On Tuesday (Nov. 23), the Recording Academy revealed its nominations for the 2022 Grammys during an hourlong livestream. Multi-hyphenate Jon Batiste — musician, The Late Show With Stephen Colbert bandleader, composer and more — was among a handful of artists who helped announce nominees across various genre-specific fields.
By the end of the stream — which he was watching from his New York living room with friends who worked on the album and his partner Suleika Jaouad — he was the most nominated artist of them all.
Batiste earned 11 nominations, including two in the Big Four categories for record of the year (“Freedom”) and album of the year for his March release We Are. Batiste also landed nominations for best traditional R&B performance (“I Need You”), best American roots performance (“Cry”), best soundtrack for visual media (Soul) and best music video (“Freedom”), plus four more.
He says while a “lifetime of work” has led to this moment, it’s “hard to put into words” how he felt following the news. “It’s astonishment, shock, awe, gratefulness,” he says, adding that he had no clue what was to come when announcing other nominations earlier in the livestream.
“Literally, nothing else was on my mind other than trying to pronounce and respect everyone’s name and project,” he says with a laugh. “Oh my goodness, as someone who comes from a very diverse cultural background, you gotta respect that.”
Collecting 11 nods holds special meaning for Batiste, who tweeted earlier Tuesday that he was born on 11/11 and says the number has always been recurring in his life. “It’s not only my lucky number, it’s literally representative of so much — and to get 11 [nominations] feels predestined.”
Even so, he says he never thought about awards or recognition while recording or releasing his eighth album We Are. “It was more [about] an artistic outcome that was a rebirth, a realization of trying to put genreless music that is fully authentic together — and trying to do that for so many years — and then it clicking and lining up with a time in the world where music really felt like the soundtrack to the times,” he says.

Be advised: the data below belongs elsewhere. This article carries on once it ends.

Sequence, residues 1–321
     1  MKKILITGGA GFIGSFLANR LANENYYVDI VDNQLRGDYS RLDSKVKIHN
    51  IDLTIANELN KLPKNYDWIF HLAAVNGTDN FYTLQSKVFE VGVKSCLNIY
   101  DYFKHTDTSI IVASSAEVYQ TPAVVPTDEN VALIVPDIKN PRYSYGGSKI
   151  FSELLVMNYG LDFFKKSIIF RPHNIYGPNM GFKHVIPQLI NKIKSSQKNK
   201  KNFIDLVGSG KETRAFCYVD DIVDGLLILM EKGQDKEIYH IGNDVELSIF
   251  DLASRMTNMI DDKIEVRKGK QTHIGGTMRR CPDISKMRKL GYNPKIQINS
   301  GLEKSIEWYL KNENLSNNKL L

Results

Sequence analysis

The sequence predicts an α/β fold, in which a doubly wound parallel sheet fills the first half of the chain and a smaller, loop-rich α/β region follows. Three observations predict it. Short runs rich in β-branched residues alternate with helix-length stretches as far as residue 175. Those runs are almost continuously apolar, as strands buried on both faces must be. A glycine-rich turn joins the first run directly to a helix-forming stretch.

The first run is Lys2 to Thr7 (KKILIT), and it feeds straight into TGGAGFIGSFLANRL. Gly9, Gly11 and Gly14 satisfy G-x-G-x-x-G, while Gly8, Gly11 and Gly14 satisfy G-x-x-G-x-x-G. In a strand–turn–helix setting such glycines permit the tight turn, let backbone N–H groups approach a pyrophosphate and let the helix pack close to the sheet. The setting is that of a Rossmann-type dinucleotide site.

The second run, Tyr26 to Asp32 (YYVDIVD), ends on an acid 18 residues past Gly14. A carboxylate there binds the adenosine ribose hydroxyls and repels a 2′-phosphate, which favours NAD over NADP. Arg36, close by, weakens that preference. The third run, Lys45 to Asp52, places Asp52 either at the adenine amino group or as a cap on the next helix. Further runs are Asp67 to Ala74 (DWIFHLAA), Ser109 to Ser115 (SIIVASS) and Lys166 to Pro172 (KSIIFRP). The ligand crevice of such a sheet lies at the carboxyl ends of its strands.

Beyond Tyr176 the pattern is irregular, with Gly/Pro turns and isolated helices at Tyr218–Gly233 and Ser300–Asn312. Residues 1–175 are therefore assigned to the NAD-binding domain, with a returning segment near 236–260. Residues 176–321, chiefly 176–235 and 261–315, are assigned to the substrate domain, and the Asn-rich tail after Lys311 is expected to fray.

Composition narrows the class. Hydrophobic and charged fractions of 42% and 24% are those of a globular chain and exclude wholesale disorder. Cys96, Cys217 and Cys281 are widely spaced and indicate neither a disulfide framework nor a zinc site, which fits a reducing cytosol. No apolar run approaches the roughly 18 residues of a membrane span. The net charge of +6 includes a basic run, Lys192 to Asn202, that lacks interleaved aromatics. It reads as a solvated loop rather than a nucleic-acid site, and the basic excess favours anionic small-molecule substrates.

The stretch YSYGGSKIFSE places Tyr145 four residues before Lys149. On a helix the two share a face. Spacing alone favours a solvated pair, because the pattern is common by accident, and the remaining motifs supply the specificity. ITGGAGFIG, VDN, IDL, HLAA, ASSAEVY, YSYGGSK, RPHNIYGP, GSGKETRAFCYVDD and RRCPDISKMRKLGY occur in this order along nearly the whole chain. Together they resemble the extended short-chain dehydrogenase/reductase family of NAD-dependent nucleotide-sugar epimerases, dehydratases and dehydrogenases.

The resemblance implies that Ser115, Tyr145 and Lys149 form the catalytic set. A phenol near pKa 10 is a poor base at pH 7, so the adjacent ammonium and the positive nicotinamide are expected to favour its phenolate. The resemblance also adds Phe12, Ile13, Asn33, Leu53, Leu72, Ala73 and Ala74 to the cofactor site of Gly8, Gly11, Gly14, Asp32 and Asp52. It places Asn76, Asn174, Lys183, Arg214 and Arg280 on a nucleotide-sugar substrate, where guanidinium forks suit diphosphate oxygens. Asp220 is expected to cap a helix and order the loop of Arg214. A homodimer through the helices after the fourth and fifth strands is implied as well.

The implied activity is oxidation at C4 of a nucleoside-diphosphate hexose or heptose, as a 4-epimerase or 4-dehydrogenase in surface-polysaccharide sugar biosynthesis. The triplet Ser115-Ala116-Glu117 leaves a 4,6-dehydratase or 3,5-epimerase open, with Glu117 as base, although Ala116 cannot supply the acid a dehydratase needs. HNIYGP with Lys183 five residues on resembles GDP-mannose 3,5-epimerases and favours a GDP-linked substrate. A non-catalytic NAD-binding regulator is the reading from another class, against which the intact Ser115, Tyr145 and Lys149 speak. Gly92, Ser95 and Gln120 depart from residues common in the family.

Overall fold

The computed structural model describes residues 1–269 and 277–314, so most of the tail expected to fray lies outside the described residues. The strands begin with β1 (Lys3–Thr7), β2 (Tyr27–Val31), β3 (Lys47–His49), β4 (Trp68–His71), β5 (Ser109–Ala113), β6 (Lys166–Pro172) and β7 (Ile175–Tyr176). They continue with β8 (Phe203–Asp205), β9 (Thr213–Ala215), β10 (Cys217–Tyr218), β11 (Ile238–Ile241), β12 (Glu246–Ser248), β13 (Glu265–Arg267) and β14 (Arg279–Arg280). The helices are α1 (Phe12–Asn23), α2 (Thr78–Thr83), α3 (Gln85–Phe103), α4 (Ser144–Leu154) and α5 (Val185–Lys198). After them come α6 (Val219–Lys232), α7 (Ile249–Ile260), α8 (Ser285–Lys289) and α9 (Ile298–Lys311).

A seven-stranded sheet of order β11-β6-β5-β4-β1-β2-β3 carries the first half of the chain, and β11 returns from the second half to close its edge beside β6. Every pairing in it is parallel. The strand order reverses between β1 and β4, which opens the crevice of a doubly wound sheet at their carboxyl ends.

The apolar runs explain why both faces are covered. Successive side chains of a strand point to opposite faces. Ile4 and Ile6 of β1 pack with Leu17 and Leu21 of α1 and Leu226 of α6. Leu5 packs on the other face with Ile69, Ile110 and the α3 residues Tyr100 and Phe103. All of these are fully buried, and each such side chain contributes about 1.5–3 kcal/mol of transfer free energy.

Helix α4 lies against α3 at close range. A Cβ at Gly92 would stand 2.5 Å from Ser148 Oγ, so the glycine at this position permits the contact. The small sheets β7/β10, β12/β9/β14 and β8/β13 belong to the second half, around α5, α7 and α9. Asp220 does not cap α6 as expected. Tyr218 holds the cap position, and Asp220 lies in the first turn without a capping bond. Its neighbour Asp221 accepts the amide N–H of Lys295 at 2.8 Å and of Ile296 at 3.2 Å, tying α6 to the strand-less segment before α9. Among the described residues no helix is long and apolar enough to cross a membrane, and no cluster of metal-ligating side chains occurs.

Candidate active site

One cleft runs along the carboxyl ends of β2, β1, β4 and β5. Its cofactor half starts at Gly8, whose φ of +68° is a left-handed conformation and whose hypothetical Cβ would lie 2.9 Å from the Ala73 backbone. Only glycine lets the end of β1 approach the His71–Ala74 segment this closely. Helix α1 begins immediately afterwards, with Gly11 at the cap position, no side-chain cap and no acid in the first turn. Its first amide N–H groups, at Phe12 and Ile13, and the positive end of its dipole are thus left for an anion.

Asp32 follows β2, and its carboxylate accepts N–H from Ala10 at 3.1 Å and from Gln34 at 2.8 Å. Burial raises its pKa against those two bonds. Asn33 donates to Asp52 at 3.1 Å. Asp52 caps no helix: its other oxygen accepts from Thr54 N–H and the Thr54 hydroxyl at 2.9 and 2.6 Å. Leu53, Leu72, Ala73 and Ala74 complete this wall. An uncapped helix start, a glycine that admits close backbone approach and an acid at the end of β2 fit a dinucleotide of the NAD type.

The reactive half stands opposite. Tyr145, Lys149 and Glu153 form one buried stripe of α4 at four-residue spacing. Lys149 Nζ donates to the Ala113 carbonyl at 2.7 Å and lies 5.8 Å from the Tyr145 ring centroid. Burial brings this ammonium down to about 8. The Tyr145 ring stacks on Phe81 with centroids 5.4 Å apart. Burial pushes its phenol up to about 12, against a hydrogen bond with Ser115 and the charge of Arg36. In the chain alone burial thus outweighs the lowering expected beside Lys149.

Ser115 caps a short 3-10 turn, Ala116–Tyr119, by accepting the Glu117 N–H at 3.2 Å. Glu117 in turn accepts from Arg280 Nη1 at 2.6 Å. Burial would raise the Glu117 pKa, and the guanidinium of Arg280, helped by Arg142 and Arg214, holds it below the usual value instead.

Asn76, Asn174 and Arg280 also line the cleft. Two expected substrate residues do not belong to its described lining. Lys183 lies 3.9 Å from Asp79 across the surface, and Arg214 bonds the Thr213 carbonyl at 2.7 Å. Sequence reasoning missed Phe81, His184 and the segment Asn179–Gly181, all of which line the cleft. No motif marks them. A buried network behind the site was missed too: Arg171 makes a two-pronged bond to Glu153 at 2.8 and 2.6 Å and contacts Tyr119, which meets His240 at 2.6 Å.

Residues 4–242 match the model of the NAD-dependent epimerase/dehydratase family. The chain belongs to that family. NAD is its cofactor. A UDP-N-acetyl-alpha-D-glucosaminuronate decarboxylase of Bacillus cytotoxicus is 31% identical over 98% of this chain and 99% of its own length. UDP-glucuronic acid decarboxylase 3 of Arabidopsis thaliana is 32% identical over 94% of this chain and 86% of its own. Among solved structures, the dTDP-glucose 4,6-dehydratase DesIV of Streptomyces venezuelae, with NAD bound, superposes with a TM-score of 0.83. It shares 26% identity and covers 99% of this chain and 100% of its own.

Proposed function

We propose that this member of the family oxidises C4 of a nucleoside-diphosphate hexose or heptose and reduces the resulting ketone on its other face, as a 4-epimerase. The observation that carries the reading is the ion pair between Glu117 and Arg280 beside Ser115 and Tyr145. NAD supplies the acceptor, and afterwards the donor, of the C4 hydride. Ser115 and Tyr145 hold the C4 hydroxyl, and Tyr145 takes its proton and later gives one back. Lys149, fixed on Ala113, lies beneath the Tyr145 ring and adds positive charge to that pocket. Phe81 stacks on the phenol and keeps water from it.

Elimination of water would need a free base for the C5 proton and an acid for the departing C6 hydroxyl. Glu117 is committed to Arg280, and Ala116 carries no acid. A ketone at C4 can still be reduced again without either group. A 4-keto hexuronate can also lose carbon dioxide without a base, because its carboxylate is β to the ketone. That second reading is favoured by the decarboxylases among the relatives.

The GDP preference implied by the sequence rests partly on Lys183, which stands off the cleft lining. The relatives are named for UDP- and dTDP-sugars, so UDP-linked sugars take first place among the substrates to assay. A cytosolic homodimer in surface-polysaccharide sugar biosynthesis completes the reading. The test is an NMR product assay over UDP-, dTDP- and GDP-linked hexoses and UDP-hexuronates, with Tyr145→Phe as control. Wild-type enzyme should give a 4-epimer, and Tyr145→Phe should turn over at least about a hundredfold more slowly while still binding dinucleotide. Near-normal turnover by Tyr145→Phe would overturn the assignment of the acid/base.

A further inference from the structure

“I want to give props to everybody for changing the process at the Grammys to try and make it about art and inclusivity and just focus on the music,” he adds, “because to make something that’s so authentic and for it to be recognized in all of these different genre categories and general categories is just an incredible, incredible feeling.”
Now, he’s thrilled even more people will revisit or perhaps discover the album that means so much to him as a result of the nominations. “It was something that came from such a deep place,” he says of We Are. “It’s way bigger than me. I make music that makes people feel like they’re not alone in the world [and pulls] people into the realization of what music is beyond entertainment or a business plan. It’s so much more.”
Within less than an hour of the nominations being revealed, Batiste says he had heard from his label and some artist friends, including fellow Grammy nominee Brandi Carlile. “I talked to her for a minute. She had a great year at the Grammys a few years ago so she was just like, ‘Wow, I think you broke my record. It’s a crazy record you just made,'” he says. “I haven’t even really let it sunk in.”
Should Batiste come home with all 11 Grammys following the Jan. 31, 2022 ceremony, he says he’ll have to expand his awards shelving — which he already did following the 2020 release of Pixar’s Soul, which he contributed jazz compositions to. “I think it’s good for your eventual kids, if I’m blessed to have that and see that, and my nephews [to see my awards],” he says. “It’s a good inspiration. It’s like, ‘Oh wow — and I know him! He gave me the applesauce.’ That’s a great vibe.”
But until then, he plans to stay planted in the present. “Just keep your head down and keep working,” he says while on his way in to work to tape Colbert like any other day. “Everything else will fall into place.”